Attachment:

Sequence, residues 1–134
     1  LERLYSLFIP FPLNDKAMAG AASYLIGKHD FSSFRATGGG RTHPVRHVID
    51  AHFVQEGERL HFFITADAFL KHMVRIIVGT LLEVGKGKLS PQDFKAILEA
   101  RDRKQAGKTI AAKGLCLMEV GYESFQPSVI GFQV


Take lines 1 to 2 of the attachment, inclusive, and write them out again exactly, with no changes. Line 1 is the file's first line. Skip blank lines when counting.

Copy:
Sequence, residues 1–134
     1  LERLYSLFIP FPLNDKAMAG AASYLIGKHD FSSFRATGGG RTHPVRHVID